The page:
Eastern Kentucky University professor, Dr. Socorro Zaragoza, has been named an EKU Fellow by President Dr. David McFaddin. This new program out of the president’s office aims to allow more opportunities for faculty of color to explore administrative roles.
“The population of EKU is changing and we want the administrators to reflect those changes as well,” said Zaragoza, “To have diverse voices and perspectives in those positions.”
Zaragoza has been at EKU for more than 10 years and is no stranger to diversity initiatives.
“I’m pretty much everywhere in terms of diversity committees,” she said, “Just pushing the agenda that diversity is important and must be part of every aspect of the university.”
She founded the Latino Student Association at EKU and works to aid minority students in enrolling and graduating college through advising and mentorship in hopes of raising retention rates.
“I am very proud to report that the enrollment of Latino students has doubled over the past four years as a result,” she said. “This student organization started with five members and has grown to more than 60 active members.”
As the Diversity Chief Officer for the College of Letters, Arts, and Social Sciences, and having served as co-chair of the EKU Diversity Committee, Zaragoza is an important voice in diversity issues across a number of spectrums in Kentucky. She has been a board member of Africa-African American Program, took part in the grant writing team for Kentucky Latino Education Alliance, and works closely with the EKU Freshman Minority Academy.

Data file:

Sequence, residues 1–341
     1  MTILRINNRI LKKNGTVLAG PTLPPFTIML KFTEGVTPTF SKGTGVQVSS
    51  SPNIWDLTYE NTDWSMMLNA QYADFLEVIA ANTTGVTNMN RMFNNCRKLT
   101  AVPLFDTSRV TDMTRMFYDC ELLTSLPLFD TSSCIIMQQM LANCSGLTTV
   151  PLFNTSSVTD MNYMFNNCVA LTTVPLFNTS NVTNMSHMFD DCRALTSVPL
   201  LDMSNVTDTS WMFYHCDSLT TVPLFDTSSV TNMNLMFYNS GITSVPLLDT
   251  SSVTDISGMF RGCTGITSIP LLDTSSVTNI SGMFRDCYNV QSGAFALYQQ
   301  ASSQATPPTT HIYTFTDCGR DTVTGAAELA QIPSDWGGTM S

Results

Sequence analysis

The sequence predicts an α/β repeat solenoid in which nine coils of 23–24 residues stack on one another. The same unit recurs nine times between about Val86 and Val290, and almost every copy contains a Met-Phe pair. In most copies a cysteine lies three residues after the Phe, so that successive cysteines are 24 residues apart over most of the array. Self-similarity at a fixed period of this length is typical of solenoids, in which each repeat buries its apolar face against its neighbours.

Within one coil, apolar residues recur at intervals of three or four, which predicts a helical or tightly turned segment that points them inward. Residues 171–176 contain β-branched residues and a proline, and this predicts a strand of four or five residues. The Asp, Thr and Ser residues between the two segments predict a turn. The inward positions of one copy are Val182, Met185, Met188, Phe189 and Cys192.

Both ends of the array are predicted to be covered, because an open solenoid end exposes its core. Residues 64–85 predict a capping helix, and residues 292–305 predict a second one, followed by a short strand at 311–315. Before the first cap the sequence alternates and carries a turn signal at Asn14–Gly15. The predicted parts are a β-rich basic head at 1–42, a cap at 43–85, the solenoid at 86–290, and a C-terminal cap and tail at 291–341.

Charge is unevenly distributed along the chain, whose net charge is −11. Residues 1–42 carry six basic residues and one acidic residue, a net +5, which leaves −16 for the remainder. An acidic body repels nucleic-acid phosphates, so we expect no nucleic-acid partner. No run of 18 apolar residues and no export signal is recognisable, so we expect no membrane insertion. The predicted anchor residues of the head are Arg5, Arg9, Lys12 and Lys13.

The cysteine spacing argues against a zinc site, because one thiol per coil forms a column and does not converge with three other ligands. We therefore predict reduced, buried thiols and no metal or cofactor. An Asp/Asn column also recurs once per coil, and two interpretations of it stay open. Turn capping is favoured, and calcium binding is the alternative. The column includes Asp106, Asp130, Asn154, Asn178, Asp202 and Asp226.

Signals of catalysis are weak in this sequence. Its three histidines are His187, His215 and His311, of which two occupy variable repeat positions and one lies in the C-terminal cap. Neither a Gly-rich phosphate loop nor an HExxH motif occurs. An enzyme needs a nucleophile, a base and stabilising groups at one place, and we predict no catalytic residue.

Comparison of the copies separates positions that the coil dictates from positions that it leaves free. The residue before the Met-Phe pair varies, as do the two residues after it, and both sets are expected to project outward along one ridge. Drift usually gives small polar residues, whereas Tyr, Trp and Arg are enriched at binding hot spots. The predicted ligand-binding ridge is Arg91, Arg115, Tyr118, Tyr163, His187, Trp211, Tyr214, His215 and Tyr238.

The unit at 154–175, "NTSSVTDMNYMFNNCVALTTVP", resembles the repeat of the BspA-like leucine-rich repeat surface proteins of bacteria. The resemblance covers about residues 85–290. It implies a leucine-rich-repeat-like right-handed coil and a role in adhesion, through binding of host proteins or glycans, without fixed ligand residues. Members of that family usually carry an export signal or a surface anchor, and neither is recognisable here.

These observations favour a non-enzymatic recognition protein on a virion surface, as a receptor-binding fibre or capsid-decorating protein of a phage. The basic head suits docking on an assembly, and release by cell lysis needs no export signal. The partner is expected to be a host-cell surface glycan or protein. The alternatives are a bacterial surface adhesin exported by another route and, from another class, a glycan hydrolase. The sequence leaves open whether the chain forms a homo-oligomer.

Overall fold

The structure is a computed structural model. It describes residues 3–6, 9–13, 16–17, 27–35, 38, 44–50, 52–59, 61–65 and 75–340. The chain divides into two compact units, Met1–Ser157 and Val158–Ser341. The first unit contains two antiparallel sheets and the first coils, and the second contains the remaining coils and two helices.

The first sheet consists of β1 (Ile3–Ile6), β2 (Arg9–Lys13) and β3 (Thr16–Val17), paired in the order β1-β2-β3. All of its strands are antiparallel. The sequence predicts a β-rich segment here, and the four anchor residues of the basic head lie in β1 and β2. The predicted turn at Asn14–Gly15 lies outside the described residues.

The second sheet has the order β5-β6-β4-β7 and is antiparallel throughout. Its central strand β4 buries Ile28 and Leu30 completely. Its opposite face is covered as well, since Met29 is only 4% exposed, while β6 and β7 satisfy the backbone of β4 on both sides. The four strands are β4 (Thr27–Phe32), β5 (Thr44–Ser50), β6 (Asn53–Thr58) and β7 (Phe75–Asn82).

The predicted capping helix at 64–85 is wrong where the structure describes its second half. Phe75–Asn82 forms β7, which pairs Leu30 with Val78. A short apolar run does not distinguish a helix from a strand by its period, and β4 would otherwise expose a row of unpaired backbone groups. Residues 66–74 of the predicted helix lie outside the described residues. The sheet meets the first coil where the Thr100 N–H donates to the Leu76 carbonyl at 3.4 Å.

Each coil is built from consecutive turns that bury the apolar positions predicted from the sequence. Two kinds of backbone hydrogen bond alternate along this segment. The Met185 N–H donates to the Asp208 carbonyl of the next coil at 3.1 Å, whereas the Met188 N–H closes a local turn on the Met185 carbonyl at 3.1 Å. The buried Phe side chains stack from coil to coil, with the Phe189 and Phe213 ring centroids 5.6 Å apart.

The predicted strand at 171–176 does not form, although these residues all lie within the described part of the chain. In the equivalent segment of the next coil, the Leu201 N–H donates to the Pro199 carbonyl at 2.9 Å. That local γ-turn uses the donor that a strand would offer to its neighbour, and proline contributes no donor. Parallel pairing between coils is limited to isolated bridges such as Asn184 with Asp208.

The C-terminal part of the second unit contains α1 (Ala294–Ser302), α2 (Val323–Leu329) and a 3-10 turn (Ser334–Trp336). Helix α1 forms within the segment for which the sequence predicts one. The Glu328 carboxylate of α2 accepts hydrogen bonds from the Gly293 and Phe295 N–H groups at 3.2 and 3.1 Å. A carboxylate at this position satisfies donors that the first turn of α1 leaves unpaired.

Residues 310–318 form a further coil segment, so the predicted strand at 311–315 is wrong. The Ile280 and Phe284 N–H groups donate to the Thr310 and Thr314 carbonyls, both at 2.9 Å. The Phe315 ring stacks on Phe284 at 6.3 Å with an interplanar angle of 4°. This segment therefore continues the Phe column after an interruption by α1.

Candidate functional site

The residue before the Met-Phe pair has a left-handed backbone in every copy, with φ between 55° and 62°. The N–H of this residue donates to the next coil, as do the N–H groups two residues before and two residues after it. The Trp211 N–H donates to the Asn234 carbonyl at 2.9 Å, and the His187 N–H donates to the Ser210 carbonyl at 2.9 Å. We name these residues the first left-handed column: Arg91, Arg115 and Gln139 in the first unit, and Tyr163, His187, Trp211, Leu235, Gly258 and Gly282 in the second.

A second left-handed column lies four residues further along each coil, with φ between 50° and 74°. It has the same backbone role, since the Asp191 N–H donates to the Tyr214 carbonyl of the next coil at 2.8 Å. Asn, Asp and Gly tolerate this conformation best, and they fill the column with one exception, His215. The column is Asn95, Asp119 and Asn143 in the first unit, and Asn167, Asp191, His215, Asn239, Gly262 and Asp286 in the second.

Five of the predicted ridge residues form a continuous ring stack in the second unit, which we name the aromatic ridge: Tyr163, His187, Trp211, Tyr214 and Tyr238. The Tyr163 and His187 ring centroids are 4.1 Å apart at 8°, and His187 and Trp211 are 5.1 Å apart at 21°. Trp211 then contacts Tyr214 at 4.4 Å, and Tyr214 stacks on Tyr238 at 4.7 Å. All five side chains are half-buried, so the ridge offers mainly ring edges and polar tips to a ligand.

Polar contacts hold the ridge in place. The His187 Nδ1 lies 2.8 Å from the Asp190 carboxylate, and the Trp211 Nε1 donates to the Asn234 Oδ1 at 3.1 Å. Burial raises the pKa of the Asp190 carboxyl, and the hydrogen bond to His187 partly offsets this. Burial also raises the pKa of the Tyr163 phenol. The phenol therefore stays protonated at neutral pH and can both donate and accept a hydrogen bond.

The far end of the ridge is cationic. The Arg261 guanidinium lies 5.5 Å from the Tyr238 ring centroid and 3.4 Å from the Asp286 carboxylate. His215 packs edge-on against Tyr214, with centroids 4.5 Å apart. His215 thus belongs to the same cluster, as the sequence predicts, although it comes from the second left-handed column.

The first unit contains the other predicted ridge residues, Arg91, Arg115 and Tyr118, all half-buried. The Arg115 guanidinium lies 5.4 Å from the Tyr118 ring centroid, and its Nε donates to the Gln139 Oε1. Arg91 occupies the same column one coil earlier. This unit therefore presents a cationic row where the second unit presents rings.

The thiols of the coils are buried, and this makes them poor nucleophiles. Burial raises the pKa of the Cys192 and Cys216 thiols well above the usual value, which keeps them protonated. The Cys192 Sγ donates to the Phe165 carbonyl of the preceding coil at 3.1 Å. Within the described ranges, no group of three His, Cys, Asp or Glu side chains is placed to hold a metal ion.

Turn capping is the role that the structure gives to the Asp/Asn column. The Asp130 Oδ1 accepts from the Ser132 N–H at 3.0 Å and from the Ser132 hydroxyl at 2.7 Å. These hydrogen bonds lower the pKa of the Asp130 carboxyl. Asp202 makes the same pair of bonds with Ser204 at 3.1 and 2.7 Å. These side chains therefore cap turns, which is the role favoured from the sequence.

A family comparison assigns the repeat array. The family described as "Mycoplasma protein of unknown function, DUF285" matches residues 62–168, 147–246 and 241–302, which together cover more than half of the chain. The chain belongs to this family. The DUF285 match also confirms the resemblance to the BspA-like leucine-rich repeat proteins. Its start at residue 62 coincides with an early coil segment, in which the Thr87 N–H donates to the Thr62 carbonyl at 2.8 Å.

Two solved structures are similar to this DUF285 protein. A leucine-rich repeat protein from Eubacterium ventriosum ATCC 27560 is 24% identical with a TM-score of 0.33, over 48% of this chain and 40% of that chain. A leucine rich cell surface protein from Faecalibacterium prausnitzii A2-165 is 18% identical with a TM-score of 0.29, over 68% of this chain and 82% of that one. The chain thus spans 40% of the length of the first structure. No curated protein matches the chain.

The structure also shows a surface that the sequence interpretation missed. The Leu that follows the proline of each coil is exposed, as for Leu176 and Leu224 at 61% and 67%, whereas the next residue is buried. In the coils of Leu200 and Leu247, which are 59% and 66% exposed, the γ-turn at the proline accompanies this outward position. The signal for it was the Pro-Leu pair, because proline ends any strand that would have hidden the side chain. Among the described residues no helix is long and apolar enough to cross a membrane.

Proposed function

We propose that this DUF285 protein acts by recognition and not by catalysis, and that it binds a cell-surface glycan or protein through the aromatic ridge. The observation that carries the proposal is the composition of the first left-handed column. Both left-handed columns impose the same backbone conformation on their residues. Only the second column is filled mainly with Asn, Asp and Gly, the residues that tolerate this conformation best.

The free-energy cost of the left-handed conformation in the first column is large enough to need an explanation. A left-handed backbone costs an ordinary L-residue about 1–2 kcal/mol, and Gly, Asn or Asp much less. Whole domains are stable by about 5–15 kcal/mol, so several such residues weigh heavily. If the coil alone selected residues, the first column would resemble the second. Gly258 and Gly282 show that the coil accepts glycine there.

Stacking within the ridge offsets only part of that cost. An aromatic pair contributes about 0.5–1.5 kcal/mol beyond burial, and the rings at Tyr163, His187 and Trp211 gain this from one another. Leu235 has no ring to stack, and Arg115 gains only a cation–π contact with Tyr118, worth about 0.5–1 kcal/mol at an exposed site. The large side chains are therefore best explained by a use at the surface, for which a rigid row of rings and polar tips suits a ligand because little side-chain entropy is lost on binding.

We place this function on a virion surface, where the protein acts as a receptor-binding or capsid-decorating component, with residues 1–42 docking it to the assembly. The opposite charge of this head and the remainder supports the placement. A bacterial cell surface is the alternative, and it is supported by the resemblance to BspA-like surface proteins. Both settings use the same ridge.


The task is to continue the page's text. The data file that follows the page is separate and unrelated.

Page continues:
“As a faculty of color, sometimes having the role of leadership is important,” she said, “Representation is important.”
Zaragoza has co-organized several cultural and educational events that have seen an increase in participation and popularity over the years. Examples of these events are the Latino Street Fair and other events during the Latino Heritage Month, the Latino College Fair, the EKU Freshman Academy symposium, and the Latino Leadership and College Experience Camp.
“I always seek to increase spaces where underrepresented students have a sense of community and feel welcome,” she said.
Zaragoza received her bachelor's degree in Mexico from the Universidad de Colima and later graduated from Purdue university with a master’s and Ph.D in Spanish and Latin American studies.
“My passion for mentoring students motivates me to seek and create services and support for underrepresented students at institutions of higher education,” said Dr. Zaragoza, “I look forward to expanding my network in order to learn from other leaders from around the state to support diverse students with obtaining a college degree.”
She hopes there will be more opportunities to come for faculty of color to occupy spaces in higher education leadership roles.